Director Mennan Yapo showcases Linda's routine so closely that we feel like we're one half-step away from having a lively discussion about her preferred brand of fabric softener. She runs her dustcloth along a mantle filled with knickknacks, then tick-tick-ticks the washing-machine knob to choose the correct cycle; our day starts to feel like hers. Then the doorbell rings.
Jim, a sheriff's deputy tells her, was killed yesterday in a car accident. She stops to puzzle over the odd message on the answering machine from him that she just listened to, but never questions why it took a day for the cops to notify her. She retrieves the girls from school, her mother comes over, she falls asleep on the sofa clutching a wedding photo. That's Wednesday. Remember that it's Wednesday because it's the last time anything in this movie is going to make any kind of sense. See, when Linda wakes up the next morning, not only is it not Thursday, but Jim's not dead. He's not even out of town. He's downstairs in the kitchen eating cereal.
And so it goes for the rest of the movie. The disintegration of Linda's life unfolds in decidedly non-linear fashion. Every day, she discovers something that makes her doubt Jim's death or the solidity of their life together or her own sanity. She's a mess ' and so is this movie.
It takes a special kind of beautiful mind to craft a script based on time, perception and reality. A Charlie Kaufman (of Adaptation and the upcoming and brilliantly titled Synecdoche, New York), say, or his Eternal Sunshine of the Spotless Mind collaborator Michel Gondry. When a shifting continuum of day and minute is one of a movie's main characters, suddenly everything matters more. There's no room for sloppiness, laziness or oversight; every choice has to have an overarching or underlying significance. You can't jumble up time just for the sake of jumbling up time. Because by tackling time, a filmmaker is sending up a celluloid flare: I have something profound to say.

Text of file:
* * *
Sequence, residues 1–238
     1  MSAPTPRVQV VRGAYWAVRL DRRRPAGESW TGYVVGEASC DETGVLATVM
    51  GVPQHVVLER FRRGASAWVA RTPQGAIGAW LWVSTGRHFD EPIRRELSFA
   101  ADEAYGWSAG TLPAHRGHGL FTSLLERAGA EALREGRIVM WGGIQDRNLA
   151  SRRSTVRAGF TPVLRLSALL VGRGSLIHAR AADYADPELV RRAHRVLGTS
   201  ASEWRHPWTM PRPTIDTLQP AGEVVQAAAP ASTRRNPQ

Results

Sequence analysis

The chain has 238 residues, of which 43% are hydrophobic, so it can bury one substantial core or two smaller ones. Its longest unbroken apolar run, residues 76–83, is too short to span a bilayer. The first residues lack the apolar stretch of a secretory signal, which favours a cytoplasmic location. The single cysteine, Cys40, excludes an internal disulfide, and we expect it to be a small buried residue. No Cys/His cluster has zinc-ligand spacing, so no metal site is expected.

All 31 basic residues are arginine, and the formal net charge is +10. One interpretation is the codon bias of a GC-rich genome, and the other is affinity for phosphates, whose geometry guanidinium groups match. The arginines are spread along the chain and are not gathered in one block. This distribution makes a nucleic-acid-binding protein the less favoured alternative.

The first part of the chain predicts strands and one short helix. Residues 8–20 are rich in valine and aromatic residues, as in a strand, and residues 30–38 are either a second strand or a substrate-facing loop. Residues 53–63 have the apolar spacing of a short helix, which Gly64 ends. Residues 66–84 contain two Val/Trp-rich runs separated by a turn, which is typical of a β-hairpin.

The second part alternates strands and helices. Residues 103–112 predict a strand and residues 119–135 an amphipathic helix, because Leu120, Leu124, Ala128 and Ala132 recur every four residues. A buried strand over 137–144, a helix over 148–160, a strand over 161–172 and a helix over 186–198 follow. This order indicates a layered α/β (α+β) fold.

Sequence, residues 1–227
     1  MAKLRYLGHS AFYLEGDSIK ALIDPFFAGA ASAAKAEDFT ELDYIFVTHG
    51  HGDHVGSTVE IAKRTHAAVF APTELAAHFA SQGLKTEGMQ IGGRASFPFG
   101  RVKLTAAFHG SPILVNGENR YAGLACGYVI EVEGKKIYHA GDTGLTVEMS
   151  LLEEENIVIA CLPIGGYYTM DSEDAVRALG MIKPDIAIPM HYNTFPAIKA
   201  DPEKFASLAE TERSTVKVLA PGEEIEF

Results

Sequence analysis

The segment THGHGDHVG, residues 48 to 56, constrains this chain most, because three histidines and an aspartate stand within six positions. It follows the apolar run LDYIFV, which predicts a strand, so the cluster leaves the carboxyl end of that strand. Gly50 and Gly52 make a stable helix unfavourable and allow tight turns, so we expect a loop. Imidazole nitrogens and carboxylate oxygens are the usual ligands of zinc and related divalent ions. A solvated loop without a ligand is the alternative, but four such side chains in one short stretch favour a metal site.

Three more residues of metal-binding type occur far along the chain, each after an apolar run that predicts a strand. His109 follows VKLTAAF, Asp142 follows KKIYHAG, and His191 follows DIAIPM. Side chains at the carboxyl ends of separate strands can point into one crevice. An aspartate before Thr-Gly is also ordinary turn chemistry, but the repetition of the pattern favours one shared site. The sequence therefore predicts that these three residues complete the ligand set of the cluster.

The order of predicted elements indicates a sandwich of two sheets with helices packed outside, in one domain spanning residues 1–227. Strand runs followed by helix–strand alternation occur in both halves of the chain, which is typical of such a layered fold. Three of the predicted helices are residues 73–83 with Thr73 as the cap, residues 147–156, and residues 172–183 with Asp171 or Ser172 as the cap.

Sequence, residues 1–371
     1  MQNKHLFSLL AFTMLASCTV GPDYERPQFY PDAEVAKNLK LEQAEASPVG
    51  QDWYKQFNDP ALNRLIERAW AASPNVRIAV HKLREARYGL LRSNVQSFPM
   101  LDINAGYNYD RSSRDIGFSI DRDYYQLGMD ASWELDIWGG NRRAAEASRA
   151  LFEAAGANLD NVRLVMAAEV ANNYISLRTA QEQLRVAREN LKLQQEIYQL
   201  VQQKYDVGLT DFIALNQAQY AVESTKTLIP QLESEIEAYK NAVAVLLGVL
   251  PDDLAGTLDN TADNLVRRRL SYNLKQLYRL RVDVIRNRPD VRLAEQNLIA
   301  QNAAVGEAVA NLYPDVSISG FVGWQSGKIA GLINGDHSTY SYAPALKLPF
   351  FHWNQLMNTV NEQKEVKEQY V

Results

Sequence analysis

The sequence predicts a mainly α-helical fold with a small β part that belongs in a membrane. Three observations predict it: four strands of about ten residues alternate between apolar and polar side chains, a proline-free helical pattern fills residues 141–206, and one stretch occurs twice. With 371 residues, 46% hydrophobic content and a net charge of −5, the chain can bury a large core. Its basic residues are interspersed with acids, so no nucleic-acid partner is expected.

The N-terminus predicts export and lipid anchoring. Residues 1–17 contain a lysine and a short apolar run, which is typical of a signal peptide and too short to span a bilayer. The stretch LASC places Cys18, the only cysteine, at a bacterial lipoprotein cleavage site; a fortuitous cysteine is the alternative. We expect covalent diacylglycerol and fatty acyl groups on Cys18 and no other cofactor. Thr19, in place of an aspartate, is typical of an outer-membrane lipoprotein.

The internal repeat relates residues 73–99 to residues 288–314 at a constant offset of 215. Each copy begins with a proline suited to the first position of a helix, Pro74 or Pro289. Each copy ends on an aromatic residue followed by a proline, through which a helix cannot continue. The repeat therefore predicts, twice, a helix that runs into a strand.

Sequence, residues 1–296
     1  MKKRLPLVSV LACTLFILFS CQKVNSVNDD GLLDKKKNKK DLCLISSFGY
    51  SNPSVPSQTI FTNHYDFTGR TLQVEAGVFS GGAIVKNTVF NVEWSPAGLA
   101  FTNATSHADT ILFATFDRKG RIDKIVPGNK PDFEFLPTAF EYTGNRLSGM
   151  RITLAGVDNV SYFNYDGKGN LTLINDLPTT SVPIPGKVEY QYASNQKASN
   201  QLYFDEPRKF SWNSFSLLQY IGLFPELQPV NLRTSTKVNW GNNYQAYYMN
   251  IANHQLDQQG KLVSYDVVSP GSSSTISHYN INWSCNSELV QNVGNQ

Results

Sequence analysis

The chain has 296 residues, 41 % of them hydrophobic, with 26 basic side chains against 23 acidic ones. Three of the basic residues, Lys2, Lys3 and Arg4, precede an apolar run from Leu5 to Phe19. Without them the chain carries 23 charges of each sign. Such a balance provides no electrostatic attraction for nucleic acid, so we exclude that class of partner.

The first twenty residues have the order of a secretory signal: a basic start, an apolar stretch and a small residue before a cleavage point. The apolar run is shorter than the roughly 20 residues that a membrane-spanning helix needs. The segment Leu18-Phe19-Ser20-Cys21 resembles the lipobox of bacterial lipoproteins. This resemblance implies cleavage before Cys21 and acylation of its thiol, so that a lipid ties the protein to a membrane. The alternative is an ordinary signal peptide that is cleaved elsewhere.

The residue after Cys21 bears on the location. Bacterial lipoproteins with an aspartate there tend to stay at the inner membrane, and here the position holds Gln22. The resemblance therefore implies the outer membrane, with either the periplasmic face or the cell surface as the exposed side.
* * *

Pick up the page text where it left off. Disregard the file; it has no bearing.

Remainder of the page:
If executed poorly, however, your primary conceit becomes really just a gimmick, not a statement. And just like that, you've shown your shallow subconscious. This means you, screenwriter Bill Kelly. Somewhere along the way, someone should have shared this little secret: Complicatedness can never be mistaken for intelligence. Without spoiling the movie's unspooling, Premonition is overflowing with such plot complications, many of which are cool in the moment but few of which fit into any kind of message or philosophy or sense. There are too many unresolved rabbit trails, too many un-Shyamalan-esque holes, for Premonition to hold together. When the end comes, are audiences really still supposed to be trying to figure out just why the heck something that apparently happened on Tuesday doesn't appear to have happened on the Thursday that follows it (or, for Linda, preceded it)? Maybe so, but a better screenwriter would have given us something to chew on there, instead of ignoring the confusion completely. It's like Kelly decided no one would be able to piece the parts of his story together linearly ' not even him. So he ignores the view and instead plays at window dressing, placing a wine bottle on a nightstand and a phone-book page in a wastebasket and acting as though they have some kind of import. All they do is point up the pointlessness of trying to untie the knots of his nonsense writing.
Bullock is the only thing that Premonition has going for it. Somewhere along the way, the Speed ingenue became an actress of very present, very palpable emotion. Her depth of feeling was there in Crash, there in that other twisty and terrible time-travel experiment The Lake House, and it is here again. She needs a director, however, who can focus on what she's able to do with that marvelously fragile face (which Yapo, to his credit, does) yet can also masterfully create something around her that is as substantial and deep as her performances. Premonition isn't that film. Perhaps in the future.